Do they send you from Washington the Historical Register of the United States? It is published there annually, and gives a succinct and judicious history of the events of the war, not too long to be inserted in the European newspapers, and would keep the European public truly informed, by correcting the lying statements of the British papers. It gives, too, all the public documents of any value. Niles’ Weekly Register is also an excellent repository of facts and documents, and has the advantage of coming out weekly, whereas the other is yearly.
TO THE MARQUIS DE LAFAYETTE
Monticello, February 14, 1815
My Dear Friend,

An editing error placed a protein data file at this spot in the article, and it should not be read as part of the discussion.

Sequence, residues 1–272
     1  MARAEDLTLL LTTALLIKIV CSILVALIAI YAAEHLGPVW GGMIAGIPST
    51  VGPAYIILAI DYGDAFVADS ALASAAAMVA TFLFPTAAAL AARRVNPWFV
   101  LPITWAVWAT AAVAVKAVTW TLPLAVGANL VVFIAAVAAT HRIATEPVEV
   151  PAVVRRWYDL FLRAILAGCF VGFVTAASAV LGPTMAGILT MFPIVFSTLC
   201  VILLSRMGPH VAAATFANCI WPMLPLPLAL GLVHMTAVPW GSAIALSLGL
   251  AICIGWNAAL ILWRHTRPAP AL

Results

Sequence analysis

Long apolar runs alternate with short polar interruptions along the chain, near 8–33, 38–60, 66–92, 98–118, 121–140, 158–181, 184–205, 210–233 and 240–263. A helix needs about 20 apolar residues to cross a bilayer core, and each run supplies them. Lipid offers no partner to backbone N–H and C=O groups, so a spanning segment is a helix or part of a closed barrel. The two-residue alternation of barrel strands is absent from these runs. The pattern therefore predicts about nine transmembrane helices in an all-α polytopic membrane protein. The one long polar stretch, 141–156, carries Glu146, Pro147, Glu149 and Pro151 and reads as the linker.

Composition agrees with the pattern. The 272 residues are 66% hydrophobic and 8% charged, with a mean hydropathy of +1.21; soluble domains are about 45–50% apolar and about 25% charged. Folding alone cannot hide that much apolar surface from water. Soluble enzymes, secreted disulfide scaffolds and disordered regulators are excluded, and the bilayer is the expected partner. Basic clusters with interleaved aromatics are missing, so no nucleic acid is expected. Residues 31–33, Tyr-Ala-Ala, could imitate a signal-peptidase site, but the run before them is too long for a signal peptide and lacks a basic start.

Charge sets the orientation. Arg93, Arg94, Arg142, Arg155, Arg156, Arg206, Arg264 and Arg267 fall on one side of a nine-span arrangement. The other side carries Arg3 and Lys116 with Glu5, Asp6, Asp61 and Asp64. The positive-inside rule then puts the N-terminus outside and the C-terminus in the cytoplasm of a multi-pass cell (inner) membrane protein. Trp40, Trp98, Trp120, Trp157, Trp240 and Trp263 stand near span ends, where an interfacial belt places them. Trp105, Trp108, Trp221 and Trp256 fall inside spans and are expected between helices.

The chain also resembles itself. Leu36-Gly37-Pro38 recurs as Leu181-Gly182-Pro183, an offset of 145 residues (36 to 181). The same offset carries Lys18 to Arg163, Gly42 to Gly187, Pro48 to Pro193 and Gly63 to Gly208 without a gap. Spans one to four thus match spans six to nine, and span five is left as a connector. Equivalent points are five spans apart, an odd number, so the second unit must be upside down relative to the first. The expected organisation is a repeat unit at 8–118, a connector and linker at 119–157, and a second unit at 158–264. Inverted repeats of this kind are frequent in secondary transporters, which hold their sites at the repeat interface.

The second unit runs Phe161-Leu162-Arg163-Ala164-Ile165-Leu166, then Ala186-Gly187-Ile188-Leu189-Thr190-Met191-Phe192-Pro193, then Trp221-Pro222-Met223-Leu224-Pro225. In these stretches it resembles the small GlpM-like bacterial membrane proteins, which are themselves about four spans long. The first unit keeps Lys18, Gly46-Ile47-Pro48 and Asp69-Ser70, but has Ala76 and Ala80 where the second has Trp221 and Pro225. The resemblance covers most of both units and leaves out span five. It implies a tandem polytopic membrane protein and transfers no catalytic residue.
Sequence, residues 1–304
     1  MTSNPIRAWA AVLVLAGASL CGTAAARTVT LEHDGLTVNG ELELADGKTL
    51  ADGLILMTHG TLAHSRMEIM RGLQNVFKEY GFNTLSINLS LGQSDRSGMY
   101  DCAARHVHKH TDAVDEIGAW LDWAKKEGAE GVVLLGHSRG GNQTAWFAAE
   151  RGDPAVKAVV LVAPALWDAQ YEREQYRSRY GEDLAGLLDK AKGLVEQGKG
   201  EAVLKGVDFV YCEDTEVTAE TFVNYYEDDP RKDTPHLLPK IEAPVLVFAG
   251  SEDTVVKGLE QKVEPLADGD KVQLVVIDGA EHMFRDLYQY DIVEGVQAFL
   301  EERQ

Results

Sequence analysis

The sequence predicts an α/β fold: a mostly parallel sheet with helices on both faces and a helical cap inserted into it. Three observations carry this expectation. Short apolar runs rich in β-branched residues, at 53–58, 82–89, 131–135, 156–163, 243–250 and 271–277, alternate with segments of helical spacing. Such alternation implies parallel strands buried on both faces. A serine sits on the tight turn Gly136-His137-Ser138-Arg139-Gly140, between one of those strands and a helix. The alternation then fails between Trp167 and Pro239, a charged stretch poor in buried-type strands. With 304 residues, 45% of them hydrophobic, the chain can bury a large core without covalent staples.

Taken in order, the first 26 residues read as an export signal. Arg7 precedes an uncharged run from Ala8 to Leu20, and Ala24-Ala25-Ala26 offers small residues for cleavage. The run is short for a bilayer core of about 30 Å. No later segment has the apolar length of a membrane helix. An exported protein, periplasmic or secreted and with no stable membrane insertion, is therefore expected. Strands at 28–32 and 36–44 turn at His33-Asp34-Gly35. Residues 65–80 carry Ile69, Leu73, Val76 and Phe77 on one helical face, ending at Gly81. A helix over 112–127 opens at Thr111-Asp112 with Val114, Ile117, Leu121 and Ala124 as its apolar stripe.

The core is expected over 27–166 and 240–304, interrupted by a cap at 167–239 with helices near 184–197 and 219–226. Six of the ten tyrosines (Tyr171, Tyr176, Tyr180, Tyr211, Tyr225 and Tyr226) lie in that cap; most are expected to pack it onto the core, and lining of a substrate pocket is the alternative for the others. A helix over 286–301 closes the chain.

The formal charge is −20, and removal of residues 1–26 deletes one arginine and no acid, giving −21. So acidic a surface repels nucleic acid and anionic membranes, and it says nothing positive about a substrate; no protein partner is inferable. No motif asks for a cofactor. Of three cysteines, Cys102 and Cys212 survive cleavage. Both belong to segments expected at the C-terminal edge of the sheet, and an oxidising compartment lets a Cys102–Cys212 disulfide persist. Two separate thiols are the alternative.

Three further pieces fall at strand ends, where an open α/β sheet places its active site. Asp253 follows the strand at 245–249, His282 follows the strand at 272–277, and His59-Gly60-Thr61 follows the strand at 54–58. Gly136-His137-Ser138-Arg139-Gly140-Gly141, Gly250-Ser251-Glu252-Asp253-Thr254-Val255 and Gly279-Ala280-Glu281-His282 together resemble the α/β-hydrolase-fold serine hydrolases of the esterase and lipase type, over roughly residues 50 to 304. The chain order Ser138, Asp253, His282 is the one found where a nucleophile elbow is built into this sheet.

—Your letter of August the 14th has been received and read again, and again, with extraordinary pleasure. It is the first glimpse which has been furnished me of the interior workings of the late unexpected but fortunate revolution of your country. The newspapers told us only that the great beast was fallen; but what part in this the patriots acted, and what the egotists, whether the former slept while the latter were awake to their own interests only, the hireling scribblers of the English press said little and knew less. I see now the mortifying alternative under which the patriot there is placed, of being either silent, or disgraced by an association in opposition with the remains of Bonapartism. A full measure of liberty is not now perhaps to be expected by your nation, nor am I confident they are prepared to preserve it. More than a generation will be requisite, under the administration of reasonable laws favoring the progress of knowledge in the general mass of the people, and their habituation to an independent security of person and property, before they will be capable of estimating the value of freedom, and the necessity of a sacred adherence to the principles on which it rests for preservation. Instead of that liberty which takes root and growth in the progress of reason, if recovered by mere force or accident, it becomes, with an unprepared people, a tyranny still, of the many, the few, or the one. Possibly you may remember, at the date of the jue de paume, how earnestly I urged yourself and the patriots of my acquaintance, to enter then into a compact with the king, securing freedom of religion, freedom of the press, trial by jury, habeas corpus, and a national legislature, all of which it was known he would then yield, to go home, and let these work on the amelioration of the condition of the people, until they should have rendered them capable of more, when occasions would not fail to arise for communicating to them more. This was as much as I then thought them able to bear, soberly and usefully for themselves. You thought otherwise, and that the dose might still be larger. And I found you were right; for subsequent events proved they were equal to the constitution of 1791. Unfortunately, some of the most honest and enlightened of our patriotic friends, (but closet politicians merely, unpractised in the knowledge of man,) thought more could still be obtained and borne. They did not weigh the hazards of a transition from one form of government to another, the value of what they had already rescued from those hazards, and might hold in security if they pleased, nor the imprudence of giving up the certainty of such a degree of liberty, under a limited monarchy, for the uncertainty of a little more under the form of a republic. You differed from them. You were for stopping there, and for securing the constitution which the National Assembly had obtained. Here, too, you were right; and from this fatal error of the republicans, from their separation from yourself and the constitutionalists, in their councils, flowed all the subsequent sufferings and crimes of the French nation. The hazards of a second change fell upon them by the way. The foreigner gained time to anarchise by gold the government he could not overthrow by arms, to crush in their own councils the genuine republicans, by the fraternal embraces of exaggerated and hired pretenders, and to turn the machine of Jacobinism from the change to the destruction of order; and, in the end, the limited monarchy they had secured was exchanged for the unprincipled and bloody tyranny of Robespierre, and the equally unprincipled and maniac tyranny of Bonaparte. You are now rid of him, and I sincerely wish you may continue so. But this may depend on the wisdom and moderation of the restored dynasty. It is for them now to read a lesson in the fatal errors of the republicans; to be contented with a certain portion of power, secured by formal compact with the nation, rather than, grasping at more, hazard all upon uncertainty, and risk meeting the fate of their predecessor, or a renewal of their own exile. We are just informed, too, of an example which merits, if true, their most profound contemplation. The gazettes say that Ferdinand of Spain is dethroned, and his father re-established on the basis of their new constitution. This order of magistrates must, therefore, see, that although the attempts at reformation have not succeeded in their whole length, and some secession from the ultimate point has taken place, yet that men have by no means fallen back to their former passiveness, but on the contrary, that a sense of their rights, and a restlessness to obtain them, remain deeply impressed on every mind, and, if not quieted by reasonable relaxations of power, will break out like a volcano on the first occasion, and overwhelm everything again in its way. I always thought the present king an honest and moderate man; and having no issue, he is under a motive the less for yielding to personal considerations. I cannot, therefore, but hope, that the patriots in and out of your legislature, acting in phalanx, but temperately and wisely, pressing unremittingly the principles omitted in the late capitulation of the king, and watching the occasions which the course of events will create, may get those principles engrafted into it, and sanctioned by the solemnity of a national act.